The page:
Focus on the Journey
I’m guilty of having a closed mind when it comes to aging. Usually when the word comes up in conversation or appears in a daily Facebook scroll, I think of only one thing: being old.
I tend to have the same viewpoint for people my age—I turned 22 a few months ago. As with many age groups, millennials are often clumped together into a handful of stereotypes to describe them: narcissistic, whiny and ungrateful to name a few. I know this is not the best way to look at aging, or any one topic for that matter. As with anything, there are dozens (if not hundreds) of perspectives to choose from. But often, we are creatures of habit and tend to go with the perspective that we know best.
However, life always seems to throw me a curveball to snap me out of my routines. Recently, a co-worker of mine tagged me and a few others in a video on Facebook. I usually hate being tagged in videos, so initially, I ignored it. But then, one of my cousins liked the video, so I figured I might as well watch it. I’m so glad that I did.
The video highlighted a woman named Lyn Slater, a 64-year old “accidental” fashion blogger.
Slater talked in the video about how she didn’t think about aging and its limits to what she likes in life. She doesn’t let her age dictate how she lives her life, whether that is how she dresses or what she does in her spare time. I mean seriously, when you think of a fashion blogger, the first thing that comes to mind isn’t necessarily a woman over 60.
I find that confidence and sense of self so…intoxicating. Personally, I have struggled with being confident for my whole life. It started when I was younger as a mere shyness, and then gradually blossomed into not being assertive from my teens onward.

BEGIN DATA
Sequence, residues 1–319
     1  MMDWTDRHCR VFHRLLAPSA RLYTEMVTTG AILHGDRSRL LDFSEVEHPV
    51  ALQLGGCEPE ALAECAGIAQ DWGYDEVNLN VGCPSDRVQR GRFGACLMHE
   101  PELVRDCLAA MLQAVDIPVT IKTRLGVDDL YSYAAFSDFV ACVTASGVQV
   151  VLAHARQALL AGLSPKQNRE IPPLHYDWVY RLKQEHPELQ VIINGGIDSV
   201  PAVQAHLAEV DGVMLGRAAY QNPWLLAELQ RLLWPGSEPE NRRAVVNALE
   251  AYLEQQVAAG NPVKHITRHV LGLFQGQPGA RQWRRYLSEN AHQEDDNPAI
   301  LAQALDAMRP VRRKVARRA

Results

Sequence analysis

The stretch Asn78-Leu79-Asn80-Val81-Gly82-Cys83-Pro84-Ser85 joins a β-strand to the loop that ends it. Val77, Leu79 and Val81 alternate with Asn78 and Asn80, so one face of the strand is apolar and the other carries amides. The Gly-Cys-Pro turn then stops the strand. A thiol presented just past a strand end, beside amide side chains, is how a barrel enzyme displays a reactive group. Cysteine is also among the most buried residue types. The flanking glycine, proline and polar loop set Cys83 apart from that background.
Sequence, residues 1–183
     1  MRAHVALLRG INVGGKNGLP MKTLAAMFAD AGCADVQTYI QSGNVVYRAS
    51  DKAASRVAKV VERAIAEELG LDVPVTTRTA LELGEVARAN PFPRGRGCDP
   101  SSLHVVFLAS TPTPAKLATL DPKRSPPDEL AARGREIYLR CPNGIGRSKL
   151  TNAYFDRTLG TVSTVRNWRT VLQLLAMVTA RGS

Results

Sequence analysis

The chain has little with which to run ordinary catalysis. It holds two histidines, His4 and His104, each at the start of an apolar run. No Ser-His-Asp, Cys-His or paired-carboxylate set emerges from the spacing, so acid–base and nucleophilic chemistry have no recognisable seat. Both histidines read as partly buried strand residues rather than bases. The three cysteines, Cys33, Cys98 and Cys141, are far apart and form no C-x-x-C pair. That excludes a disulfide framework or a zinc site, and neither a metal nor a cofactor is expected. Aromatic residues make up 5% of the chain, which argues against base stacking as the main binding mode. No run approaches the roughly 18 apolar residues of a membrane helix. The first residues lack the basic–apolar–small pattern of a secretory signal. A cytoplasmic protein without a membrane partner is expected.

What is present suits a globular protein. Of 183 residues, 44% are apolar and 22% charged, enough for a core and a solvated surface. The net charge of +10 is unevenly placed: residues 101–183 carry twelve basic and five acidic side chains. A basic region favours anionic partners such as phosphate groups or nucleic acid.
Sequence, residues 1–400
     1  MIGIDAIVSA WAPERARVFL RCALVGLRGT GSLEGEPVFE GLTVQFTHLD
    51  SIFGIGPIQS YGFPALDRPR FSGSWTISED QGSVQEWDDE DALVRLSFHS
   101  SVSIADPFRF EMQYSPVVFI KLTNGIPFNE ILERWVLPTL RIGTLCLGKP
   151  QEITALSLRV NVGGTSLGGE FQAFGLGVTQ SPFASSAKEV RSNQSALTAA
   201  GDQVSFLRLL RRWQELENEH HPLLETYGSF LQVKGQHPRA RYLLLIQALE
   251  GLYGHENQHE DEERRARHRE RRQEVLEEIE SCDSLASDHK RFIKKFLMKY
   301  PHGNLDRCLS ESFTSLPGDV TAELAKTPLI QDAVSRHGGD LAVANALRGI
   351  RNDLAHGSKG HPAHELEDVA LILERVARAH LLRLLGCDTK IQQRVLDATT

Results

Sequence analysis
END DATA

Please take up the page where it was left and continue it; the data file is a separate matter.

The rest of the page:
Part of me wants to think that Lyn’s confidence is something that only comes with age. It’s a quality that one has to work on throughout life, through ups and downs and all of the experiences that one accrues over time. But there are people my age (early twenties) who possess that same assertive and confident air.
So maybe age has nothing to do with it.
I recently went on a work trip to the Disney Princess Half Marathon in Orlando. We were there for four days, promoting She’s It with the attendees in Florida. It was strenuous work, physically and mentally. On our second-to-last night there, my co-workers and I went to the hotel bar to unwind, listen to some music and eat some (not fast) food. While sitting at the bar, I started talking to this couple who was vacationing from Canada.
Eugene and Susan were retired and spending their free time traveling the world. They told me about their experiences and eased my fears about flying (this trip was my first time doing so). I told them I too wanted to travel the world, but felt scared—not just of flying, but of the unknown quality of it all.
I’m not a very spontaneous person. I find comfort in planning and having a certain level of control over things in my life.
“You’re so young!”, they told me. “Go out there and live your life. You have so much to look forward to.” A few moments later, my co-worker got up to sing karaoke. Eugene and Susan (and the two margaritas I just drank) gave me the push I needed to get up in front of that restaurant and support my friend as she sang—in the form of playing the tambourine.
My rhythm may have been questionable, but for a few minutes I felt like how Lyn Slater must feel all the time—confident. It was a truly amazing moment. I didn’t need to age 50 years to gain that confidence either. The advice that my Canadian confidants bestowed on me was something that I’ll always hold close to my heart. Confidence doesn’t have an age limit.
I’m not sure where my life will take me. The future is unknown, and that uncertainty is slowly starting to become fine with me. But I am certain that I will not fear aging from this point on. My journey will be uniquely me.